• Quote of the Day
    "You are much deeper, much broader, much brighter than any idea you could have of yourself."
    Harry Palmer, posted by Daniel


Oct 31, 2004
Life After the Schizophrenia Diagnosis
Overcoming stumbling blocks to succeed

Greg Hitchcock

As I sat in the lobby of Walter Reed Army Medical Center and stared at the security guard's holstered gun. Moments before, I had heard news that threatened my military career, and shattered my hope. I learned that I have schizophrenia, a mental illness my doctors called 'incurable'. I pictured that guard's pistol as a way out. Reason, fortunately, prevailed and I managed to walk away.

Soon, I discovered the General Issue (G.I.) Bill. It offered an affordable way for veterans to go to college. After the hospital, school was a breath of fresh air! I achieved the Dean's List, joined the drama club, and received a Bachelor's Degree in English. I found dreams can come true despite having an illness. Reality, just then, threw me another curve ball.

Unable to start a career as a professional, I ended up as a check-out clerk. I still believed that I had a promising future. I simply would need to find my strengths. I tried volunteering to see what fit me.

Unfortunately, when I couldn't find a position, I didn't see any point anymore. I then walked out on my job at the supermarket. That was my answer to everything: walk away.

It was time to take a break and analyze myself. No one wants an incompetent schizophrenic, I judged. If I stopped my medication then I would be seen as fully functioning. I would feel normal again so I stopped taking my medicine. It was a terrible mistake.

The voices that were banished from my mind returned. I isolated myself and didn't groom. I slept all day and stayed up all night. I ate junk food and watched T.V. at a halfway house for the mentally ill. I retreated from life.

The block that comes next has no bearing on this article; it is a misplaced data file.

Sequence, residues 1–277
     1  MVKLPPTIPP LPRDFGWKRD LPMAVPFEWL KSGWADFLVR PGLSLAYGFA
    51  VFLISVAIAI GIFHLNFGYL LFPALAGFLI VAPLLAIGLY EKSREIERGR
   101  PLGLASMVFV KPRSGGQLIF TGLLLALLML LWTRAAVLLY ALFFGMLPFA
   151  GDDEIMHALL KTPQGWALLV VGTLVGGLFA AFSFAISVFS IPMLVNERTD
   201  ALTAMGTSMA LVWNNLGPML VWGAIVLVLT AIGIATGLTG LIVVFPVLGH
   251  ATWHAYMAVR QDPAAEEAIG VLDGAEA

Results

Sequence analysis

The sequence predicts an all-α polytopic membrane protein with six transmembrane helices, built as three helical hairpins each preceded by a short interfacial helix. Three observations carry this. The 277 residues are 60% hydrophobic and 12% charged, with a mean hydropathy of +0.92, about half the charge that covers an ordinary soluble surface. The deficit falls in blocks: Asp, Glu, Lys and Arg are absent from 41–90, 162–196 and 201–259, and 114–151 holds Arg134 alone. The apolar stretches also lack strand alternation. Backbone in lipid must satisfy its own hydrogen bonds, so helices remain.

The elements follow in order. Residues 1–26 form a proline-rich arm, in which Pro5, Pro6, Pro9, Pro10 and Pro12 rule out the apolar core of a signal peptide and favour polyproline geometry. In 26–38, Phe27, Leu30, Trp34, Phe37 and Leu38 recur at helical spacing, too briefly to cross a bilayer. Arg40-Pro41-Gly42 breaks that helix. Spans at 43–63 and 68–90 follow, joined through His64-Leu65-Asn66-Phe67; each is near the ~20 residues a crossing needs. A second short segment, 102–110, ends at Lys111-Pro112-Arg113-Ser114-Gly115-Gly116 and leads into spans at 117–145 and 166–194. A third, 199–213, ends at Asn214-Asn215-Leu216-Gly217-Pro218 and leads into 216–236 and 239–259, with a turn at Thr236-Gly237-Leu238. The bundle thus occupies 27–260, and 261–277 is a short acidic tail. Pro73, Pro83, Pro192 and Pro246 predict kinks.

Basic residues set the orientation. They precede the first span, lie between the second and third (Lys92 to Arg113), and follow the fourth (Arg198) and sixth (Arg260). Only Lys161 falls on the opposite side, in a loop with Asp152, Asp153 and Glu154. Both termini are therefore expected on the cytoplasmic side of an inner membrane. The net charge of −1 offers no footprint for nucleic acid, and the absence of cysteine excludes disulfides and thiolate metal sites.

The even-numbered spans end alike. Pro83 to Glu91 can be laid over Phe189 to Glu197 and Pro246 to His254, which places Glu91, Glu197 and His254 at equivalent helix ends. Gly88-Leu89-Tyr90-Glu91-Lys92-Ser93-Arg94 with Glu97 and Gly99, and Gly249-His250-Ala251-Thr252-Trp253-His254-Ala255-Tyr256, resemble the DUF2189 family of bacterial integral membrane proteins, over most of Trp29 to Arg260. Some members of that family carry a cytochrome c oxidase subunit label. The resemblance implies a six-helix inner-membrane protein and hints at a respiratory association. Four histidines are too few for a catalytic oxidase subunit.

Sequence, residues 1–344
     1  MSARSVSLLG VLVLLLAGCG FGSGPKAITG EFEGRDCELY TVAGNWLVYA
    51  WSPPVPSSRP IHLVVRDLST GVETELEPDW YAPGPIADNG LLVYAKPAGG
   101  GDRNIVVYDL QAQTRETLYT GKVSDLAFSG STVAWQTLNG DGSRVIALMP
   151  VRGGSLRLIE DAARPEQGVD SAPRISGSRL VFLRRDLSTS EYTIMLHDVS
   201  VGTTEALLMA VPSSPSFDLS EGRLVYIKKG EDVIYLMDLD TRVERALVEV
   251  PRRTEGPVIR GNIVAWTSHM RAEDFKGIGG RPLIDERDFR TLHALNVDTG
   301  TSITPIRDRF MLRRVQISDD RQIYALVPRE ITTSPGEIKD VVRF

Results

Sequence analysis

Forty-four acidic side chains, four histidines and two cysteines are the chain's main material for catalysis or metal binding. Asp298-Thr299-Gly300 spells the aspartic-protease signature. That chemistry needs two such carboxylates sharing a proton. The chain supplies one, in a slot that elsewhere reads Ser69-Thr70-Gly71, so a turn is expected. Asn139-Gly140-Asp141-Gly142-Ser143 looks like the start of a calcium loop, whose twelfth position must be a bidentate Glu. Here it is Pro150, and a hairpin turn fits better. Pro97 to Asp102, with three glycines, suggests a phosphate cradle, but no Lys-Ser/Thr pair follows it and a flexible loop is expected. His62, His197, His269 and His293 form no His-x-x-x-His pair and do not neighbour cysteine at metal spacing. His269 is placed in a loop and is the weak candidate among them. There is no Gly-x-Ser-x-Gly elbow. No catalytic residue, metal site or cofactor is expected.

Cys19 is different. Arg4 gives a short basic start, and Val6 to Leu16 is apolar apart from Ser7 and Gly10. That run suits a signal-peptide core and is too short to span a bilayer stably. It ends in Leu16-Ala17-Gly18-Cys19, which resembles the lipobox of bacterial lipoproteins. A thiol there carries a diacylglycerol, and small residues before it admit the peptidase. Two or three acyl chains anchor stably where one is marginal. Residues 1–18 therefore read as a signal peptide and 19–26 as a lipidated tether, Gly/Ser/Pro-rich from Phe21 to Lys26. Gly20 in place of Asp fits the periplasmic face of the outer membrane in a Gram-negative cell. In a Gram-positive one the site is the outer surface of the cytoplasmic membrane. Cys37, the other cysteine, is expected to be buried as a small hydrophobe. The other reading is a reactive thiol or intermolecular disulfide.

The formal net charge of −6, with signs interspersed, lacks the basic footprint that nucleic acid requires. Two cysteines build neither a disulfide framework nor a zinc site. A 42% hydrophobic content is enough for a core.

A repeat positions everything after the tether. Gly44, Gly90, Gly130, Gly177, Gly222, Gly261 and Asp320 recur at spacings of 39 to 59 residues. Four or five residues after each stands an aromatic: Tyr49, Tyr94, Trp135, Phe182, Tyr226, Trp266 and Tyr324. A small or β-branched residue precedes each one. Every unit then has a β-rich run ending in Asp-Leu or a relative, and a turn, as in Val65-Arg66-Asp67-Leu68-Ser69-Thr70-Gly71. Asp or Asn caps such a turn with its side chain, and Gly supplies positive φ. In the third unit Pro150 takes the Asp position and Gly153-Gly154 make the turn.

Thank goodness, the Veteran's Administration helps veterans like me. A dedicated VA worker named Susan Maile saw the promise I had forgotten in myself. She called and visited me every day. She implored me to take my medication. We agreed that I would move out of the halfway house and into a more secure veteran's home with managed care. That is where and when the healing began.
I took my new medication, returned to living and giving back to the community.

I remembered an internship I once had at a magazine focusing on state government. I decided to focus on writing. I am now a full time newspaper reporter. I am, more importantly, engaged in my surroundings. I stand as an example that there is hope for people with disabilities.

There are challenges in my life, but life is worth living after all.

Greg Hitchcock is a writer and journalist living in upstate New York.

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